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Make themes dynamic and allow extensions to specify a module path #2759

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merged 52 commits into from Aug 7, 2017

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@blink1073 blink1073 commented Jul 27, 2017

Fixes #2757. Partially addresses #1084.

  • Allows extensions to specify a module path to load.
  • Makes themes dynamically loaded and determined by a user setting.
  • Adds documentation for settings and theme authoring.
  • Dissolves @jupyterlab/theming into @jupyterlab/application and the two theme packages as appropriate.
  • Adds more automation in the package integrity check and the creation of the jupyterlab/package.json file.

theme-switch

@@ -66,10 +68,3 @@ var indexPath = path.join(basePath, 'packages', 'all-packages', 'src', 'index.ts
var index = fs.readFileSync(indexPath, 'utf8');
index = index + 'import "' + package.name + '";\n';
fs.writeFileSync(indexPath, index);

// Add the extension to jupyterlab/package.json
var jupyterlabPackagePath = path.join(basePath, 'jupyterlab', 'package.json');
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@ian-r-rose ian-r-rose Jul 31, 2017

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I confess to still being unclear on the intention of jupyterlab/package.json vs jupyterlab/package.app.json. If this is removed, does it need to be added elsewhere for the python package to pick up the new sibling?

In any event, a change here should be mirrored in scripts/remove-sibling.js.

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@blink1073 blink1073 Jul 31, 2017

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Thanks for the heads up. package.json and package.app.json are mean for dev mode and app mode, respectively. The latter is copy of package.json at the time of publishing the Python package.

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@ian-r-rose ian-r-rose Jul 31, 2017

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So they are autogenerated (obviating the need to patch it in this script)?.

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@blink1073 blink1073 Jul 31, 2017

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package.app.json was already auto-generated, this PR adds auto-generation for package.json as well.

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Ah, makes sense, thanks.

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@blink1073 blink1073 commented Jul 31, 2017

Plan for handling of themes:

  • Add optional themeCSS metadata that is a path to a CSS file that is loaded as a string (not automatically added to the DOM).
  • Add a new theme manager plugin has the following API:
class ThemeManager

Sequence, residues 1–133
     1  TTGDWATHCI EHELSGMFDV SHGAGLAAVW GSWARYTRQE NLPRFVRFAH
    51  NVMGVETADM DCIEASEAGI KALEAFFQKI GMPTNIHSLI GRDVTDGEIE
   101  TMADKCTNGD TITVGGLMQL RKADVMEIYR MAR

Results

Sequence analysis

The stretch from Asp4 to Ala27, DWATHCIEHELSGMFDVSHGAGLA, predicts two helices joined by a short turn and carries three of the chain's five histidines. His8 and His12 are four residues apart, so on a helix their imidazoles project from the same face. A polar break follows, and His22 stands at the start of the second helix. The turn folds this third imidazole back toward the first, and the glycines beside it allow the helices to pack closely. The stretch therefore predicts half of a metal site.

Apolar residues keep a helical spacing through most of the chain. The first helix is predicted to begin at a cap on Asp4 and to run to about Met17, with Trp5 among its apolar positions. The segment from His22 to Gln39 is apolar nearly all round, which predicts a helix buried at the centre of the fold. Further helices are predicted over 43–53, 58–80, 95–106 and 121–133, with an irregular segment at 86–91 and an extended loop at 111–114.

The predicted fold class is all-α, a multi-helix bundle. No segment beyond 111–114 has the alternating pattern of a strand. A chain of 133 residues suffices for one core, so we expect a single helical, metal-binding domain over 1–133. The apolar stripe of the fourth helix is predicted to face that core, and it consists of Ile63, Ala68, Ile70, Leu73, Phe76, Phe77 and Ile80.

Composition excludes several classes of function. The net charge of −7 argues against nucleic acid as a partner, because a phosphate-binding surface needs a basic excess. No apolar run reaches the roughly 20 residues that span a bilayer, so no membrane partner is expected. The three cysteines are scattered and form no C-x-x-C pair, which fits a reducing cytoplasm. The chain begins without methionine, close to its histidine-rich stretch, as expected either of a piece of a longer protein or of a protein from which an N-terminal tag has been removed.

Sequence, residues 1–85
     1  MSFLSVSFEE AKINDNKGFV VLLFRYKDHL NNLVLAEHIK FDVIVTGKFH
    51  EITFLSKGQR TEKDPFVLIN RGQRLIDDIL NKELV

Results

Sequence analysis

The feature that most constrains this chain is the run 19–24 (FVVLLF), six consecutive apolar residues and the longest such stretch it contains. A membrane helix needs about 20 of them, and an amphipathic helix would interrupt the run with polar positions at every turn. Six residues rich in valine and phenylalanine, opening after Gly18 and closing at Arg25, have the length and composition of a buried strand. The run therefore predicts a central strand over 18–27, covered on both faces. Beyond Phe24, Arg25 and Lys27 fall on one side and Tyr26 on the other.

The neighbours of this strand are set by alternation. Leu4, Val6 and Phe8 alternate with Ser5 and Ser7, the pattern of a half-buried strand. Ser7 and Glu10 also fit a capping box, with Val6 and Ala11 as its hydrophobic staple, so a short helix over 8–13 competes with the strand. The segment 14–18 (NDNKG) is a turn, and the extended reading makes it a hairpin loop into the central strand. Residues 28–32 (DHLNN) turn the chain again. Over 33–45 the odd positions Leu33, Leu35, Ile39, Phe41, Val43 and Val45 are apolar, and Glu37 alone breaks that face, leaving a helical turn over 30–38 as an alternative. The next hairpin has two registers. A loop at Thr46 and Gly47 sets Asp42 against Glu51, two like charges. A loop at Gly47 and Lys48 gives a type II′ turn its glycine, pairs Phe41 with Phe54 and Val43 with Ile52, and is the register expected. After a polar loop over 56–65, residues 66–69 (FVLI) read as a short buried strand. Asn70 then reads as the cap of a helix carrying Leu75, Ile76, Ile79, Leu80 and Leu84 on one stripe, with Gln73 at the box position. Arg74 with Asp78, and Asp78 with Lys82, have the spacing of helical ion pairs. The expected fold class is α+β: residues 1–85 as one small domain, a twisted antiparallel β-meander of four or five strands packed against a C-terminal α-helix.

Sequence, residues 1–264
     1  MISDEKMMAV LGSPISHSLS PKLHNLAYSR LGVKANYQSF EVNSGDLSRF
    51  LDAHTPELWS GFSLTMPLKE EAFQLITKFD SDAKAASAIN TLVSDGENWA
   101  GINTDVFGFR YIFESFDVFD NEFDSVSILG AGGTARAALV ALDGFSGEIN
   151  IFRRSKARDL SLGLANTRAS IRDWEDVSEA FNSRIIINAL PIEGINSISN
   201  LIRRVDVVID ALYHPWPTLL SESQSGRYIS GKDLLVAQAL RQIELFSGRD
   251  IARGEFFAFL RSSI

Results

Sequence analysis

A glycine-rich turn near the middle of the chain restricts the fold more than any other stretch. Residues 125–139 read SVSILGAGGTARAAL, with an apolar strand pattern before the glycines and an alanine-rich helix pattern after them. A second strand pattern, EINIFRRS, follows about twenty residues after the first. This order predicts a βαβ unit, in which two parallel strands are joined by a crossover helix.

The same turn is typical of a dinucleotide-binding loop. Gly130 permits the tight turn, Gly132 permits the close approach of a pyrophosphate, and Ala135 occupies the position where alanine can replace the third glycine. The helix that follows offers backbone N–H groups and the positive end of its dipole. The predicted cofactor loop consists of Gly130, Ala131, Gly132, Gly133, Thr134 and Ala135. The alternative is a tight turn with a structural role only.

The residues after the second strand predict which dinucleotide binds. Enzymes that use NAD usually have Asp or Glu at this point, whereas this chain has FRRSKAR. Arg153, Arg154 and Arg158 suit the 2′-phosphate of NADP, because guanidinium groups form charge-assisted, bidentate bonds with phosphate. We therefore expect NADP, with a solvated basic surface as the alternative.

// The themeCSS is populated in the webpack entry point
    constructor({ settingRegistry, themeCSS });
    theme: string;
    setTheme(name): Promise<void>;
    // Used for a theme picker
    themes: ReadonlyArray<string>;  
    register(theme: ITheme);
}

interface ITheme {
    name: string;
    displayName: string;
    load(): Promise<void>;
    unload(): Promise<void>
}
  • A theme is loaded by
    • Unloading the previous theme (if applicable), and removing its CSS from the private style tag
    • Adding the new CSS to the private style tag, and then loading the new theme
  • The current theme is linked to a setting in the theme manager plugin

In this way, we meet the following goals:

  • The initial theme CSS can be loaded synchronously during app startup, preventing a jarring change in fonts/colors
  • Themes are discoverable and can be changed dynamically without page reload
  • The theme author does not need to use any WebPack-specific syntax

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@blink1073 blink1073 commented Aug 1, 2017

We can't switch themes dynamically because we can't load additional CSS that is
removable without exposing the loading pattern (let themeCSS = require('!css-loader!foo.css').toString()).

So, a themeExtension is a standard application extension, but has the following metadata that allows us to discover and load only the appropriate theme plugin:

jupyterlab: {
    themeExtension: {
       name: 'JupyterLab Dark',
       path?: ''
    }
}

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@blink1073 blink1073 commented Aug 1, 2017

A plan that allows for dynamic loading:

  • Add a /themes folder to the application that has the static theme assets, copied when the extension is installed.
  • Add an api/themes endpoint to serve these files.
  • The client side theme manager has a loadCSS(path: string) method that makes a request to the api/themes endpoint for the asset and adds it to a script tag. It maintains a disposable set that removes any script tags added by the current theme.
  • We can move the light and dark theme icons to their respective themes, and they will not be a part of the main bundle.

The downside is that any assets used from third party libs must be included in the package (e.g. icon files), since we will not have WebPack to resolve the dependency paths.